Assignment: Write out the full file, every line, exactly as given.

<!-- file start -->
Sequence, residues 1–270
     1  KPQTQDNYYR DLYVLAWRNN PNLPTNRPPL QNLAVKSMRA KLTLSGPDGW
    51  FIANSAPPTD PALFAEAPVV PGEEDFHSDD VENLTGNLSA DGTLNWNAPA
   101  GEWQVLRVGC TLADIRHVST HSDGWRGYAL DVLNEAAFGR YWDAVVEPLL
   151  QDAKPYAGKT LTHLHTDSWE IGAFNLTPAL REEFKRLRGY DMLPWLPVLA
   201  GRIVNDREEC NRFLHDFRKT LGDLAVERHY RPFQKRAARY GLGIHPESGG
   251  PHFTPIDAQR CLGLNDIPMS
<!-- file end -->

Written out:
Sequence, residues 1–270
     1  KPQTQDNYYR DLYVLAWRNN PNLPTNRPPL QNLAVKSMRA KLTLSGPDGW
    51  FIANSAPPTD PALFAEAPVV PGEEDFHSDD VENLTGNLSA DGTLNWNAPA
   101  GEWQVLRVGC TLADIRHVST HSDGWRGYAL DVLNEAAFGR YWDAVVEPLL
   151  QDAKPYAGKT LTHLHTDSWE IGAFNLTPAL REEFKRLRGY DMLPWLPVLA
   201  GRIVNDREEC NRFLHDFRKT LGDLAVERHY RPFQKRAARY GLGIHPESGG
   251  PHFTPIDAQR CLGLNDIPMS